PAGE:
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UK condemns France's seizure of fishing boat as post-Brexit row deepens

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By Reuters
France seizes a British trawler as fishing licence row heats up
France seizes a British trawler as fishing licence row heats up   -   Copyright  Thomson Reuters 2021

By Juliette Jabkhiro

LE HAVRE, France -Britain on Thursday condemned France’s seizure of a British fishing boat in French waters and warned Paris against further retaliation in a rapidly deteriorating row over post-Brexit fishing rights.

French Seas Minister Annick Girardin said the vessel was detained during checks off the northern port of Le Havre overnight as it was not allowed to fish in French territorial waters. A second British boat was given a verbal warning.

The action signalled France’s determination not to back down in the row after listing potential sanctions https://www.reuters.com/world/europe/brexit-france-readying-sanctions-if-uk-withholds-fishing-licences-2021-10-27 against Britain on Wednesday if there is no progress in talks.

They include extra customs checks on British goods from Nov. 2 and what was widely seen in London as a threat to cut electricity exports to Britain if talks fail.

“It’s not war, but it is a fight,” Girardin told RTL radio.

British fishing grounds are among the richest in the North East Atlantic zone, where most of the European Union’s catch is hauled in.

France’s actions appear intended as a warning shot to put pressure on Britain to compromise at talks with the EU.

The British government said the French reaction was “disappointing and disproportionate, and not what we would expect from a close ally and partner”.

Environment minister George Eustice challenged France’s statement that the boat had no licence, and told parliament the steps threatened by France appeared to be incompatible with a post-Brexit free-trade agreement and wider international law.

“…if carried through, (they) will be met with an appropriate and calibrated response,” he said.

France says Britain has refused to grant its fishermen the full number of licences to operate in British waters that France says is warranted, though Britain says it is issuing licences to vessels that meet its criteria.

“So now we need to speak the language of strength since that seems to be the only thing this British government understands,” European Affairs Minister Clement Beaune told CNews television channel.

Girardin made clear France could not cut off electricity supplies to Britain as a retaliatory measure but said it could raise tariffs, a move that would further squeeze household budgets at a time when energy prices are already spiralling.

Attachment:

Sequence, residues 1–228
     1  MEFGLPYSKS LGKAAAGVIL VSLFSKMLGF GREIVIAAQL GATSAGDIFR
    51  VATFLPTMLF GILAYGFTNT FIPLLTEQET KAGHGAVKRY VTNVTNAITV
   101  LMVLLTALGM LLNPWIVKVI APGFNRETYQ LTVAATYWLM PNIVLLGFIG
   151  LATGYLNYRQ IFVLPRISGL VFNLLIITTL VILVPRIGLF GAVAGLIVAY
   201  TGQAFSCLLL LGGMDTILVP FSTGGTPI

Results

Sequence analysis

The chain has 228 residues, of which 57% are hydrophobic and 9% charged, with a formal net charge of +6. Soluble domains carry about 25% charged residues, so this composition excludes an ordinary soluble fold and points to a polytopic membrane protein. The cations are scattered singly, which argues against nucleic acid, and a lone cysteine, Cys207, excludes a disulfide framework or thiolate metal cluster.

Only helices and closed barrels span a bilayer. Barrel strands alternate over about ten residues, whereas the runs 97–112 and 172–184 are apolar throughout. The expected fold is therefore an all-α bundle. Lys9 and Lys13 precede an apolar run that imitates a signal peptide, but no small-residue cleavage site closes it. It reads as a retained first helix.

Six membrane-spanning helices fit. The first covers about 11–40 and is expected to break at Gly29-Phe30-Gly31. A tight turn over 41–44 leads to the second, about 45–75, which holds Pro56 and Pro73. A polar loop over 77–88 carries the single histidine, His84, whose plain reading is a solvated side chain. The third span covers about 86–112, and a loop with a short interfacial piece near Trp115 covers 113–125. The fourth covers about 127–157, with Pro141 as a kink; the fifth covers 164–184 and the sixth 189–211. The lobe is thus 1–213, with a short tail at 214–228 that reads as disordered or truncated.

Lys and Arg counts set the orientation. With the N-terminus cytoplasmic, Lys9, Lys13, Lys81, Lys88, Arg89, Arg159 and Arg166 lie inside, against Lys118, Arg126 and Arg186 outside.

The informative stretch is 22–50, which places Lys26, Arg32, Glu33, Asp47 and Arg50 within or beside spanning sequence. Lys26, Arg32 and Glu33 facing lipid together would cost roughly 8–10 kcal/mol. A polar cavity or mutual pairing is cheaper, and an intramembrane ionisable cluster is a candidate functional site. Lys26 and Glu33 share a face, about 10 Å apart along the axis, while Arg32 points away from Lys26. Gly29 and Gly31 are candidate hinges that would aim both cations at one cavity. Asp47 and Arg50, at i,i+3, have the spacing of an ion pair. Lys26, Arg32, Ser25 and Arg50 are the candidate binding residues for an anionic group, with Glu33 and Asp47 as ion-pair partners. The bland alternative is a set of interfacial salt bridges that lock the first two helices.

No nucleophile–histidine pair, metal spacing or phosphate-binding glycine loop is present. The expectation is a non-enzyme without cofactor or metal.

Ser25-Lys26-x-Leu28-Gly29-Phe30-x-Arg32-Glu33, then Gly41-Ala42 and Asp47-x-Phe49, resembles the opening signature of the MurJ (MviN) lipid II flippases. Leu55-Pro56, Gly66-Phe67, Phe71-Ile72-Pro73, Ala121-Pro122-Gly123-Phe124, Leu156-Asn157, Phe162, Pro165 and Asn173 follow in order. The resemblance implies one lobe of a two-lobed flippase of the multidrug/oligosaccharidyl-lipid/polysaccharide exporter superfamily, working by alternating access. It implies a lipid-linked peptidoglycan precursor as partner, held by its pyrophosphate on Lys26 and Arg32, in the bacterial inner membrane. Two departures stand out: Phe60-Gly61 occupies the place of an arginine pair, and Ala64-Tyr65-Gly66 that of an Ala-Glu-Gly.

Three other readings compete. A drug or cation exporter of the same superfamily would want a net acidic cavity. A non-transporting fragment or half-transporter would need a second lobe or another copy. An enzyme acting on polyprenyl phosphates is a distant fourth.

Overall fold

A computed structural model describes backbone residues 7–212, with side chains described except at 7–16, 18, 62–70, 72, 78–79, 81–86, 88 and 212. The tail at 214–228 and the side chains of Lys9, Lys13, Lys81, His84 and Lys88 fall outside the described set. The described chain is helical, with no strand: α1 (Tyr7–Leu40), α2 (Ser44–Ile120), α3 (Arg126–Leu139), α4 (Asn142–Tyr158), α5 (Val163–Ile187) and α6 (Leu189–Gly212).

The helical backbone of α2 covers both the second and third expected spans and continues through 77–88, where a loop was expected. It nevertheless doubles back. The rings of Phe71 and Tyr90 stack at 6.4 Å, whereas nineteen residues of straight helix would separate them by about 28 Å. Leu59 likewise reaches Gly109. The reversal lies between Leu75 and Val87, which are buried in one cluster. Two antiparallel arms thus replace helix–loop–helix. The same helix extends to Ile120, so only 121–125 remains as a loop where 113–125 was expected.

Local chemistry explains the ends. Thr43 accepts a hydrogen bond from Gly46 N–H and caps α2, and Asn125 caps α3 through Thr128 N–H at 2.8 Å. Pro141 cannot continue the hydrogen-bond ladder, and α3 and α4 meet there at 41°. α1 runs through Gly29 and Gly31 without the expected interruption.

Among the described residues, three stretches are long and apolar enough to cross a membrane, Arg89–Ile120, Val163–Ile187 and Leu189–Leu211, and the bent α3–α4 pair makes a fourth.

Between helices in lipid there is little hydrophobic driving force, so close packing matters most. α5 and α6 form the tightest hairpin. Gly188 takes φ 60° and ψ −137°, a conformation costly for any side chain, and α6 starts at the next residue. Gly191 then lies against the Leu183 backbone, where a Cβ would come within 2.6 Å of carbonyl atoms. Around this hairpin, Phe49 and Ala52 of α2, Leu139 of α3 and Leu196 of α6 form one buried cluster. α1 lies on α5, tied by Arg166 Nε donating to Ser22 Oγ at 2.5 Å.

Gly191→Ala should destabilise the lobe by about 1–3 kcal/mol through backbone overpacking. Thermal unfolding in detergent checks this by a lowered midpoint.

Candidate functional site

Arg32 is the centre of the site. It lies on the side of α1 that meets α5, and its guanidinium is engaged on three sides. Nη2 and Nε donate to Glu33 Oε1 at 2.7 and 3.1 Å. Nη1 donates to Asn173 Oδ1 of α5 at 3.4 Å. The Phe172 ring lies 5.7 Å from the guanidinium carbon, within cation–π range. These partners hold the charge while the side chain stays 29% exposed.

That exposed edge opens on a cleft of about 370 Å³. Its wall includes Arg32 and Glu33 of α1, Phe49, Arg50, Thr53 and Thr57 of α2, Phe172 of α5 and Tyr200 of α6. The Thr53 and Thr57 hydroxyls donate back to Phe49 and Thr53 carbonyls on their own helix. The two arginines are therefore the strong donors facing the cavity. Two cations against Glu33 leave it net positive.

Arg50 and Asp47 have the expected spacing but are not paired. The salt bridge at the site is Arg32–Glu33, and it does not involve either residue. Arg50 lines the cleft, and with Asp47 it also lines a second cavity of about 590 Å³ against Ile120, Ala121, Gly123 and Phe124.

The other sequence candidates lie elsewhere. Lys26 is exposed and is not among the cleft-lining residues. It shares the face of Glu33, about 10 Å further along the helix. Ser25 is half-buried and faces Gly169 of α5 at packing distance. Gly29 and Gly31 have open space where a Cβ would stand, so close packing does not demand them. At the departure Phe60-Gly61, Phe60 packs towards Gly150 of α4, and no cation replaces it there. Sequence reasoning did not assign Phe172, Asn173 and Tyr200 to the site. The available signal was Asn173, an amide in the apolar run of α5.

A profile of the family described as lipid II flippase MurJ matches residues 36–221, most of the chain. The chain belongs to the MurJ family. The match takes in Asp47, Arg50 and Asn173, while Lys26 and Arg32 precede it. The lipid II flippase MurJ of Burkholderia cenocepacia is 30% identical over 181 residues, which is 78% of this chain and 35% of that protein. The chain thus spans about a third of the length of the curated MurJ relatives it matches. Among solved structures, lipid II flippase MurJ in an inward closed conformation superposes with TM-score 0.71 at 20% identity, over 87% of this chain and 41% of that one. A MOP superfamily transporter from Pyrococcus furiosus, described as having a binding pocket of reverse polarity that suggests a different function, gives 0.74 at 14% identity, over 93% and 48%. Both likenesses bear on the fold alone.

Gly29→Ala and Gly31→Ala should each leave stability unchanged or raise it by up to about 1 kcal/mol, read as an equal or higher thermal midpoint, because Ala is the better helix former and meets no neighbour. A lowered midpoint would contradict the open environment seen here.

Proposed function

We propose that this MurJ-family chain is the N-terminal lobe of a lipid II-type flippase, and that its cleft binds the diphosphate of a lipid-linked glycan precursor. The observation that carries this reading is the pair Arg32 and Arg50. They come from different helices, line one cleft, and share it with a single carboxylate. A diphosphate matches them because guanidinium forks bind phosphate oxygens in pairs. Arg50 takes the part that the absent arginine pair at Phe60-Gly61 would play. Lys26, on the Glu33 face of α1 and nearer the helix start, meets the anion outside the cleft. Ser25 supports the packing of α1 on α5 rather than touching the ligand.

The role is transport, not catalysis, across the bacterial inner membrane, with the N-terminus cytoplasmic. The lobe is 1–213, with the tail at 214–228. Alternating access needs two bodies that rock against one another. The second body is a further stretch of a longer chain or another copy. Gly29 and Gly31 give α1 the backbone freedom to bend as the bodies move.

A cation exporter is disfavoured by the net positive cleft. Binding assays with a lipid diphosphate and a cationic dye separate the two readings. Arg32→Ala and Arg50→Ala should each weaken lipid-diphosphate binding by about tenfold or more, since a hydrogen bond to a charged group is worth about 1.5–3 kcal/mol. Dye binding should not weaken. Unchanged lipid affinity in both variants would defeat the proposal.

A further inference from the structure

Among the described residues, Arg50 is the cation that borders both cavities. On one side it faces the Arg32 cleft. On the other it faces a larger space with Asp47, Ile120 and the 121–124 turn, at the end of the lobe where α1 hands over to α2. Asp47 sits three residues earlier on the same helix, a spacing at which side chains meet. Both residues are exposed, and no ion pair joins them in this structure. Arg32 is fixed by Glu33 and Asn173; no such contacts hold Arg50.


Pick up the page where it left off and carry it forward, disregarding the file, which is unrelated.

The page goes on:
Additional customs checks on goods travelling between Britain and the rest of Europe could disrupt trade flows before Christmas.

The European Commission, the EU executive, said it took note of the British and French statements and would continue discussions with Britain and France in the coming days “to resolve this issue as soon as possible”.

CAPTAINHELD IN FRANCE

The captain of the seized boat could face criminal charges, with his catch confiscated, France’s maritime ministry said.

A group representing English fisherman identified the vessel as the Cornelis Gert Jan, a scallop dredger. Its owners said the vessel had a fishing licence and had been fishing legally.

“We are a pawn of bigger forces here. This is to do with licences and the beef that the French have with the licences of French vessels,” Andrew Brown, a director of Macduff Shellfish, told Reuters.

Barrie Deas, head of Britain’s National Federation of Fishermen’s Organisations, said France appeared determined to escalate the licence row before a presidential election.

President Emmanuel Macron has not confirmed he will seek a second term in April’s election but is widely expected to run.

Senior British, French and EU officials have signalled they do not want the dispute to escalate, but Macron and Johnson are under pressure from vocal fishing lobbies and will want to show they are defending the interests of voters.

Both leaders took a firm line in talks on fishing rights before Britain left the EU early last year.

The industry makes only a small contribution to the French and British economies, but fishing is a lifeline for some coastal communities.

In Le Havre, scallop fishermen said they were fed up with British vessels enjoying what they called unfair access to shellfish in their waters.

“There has to be an end to this fraud,” Pascal Coquet, president of the National Scallop Fishermen’s Committee, said.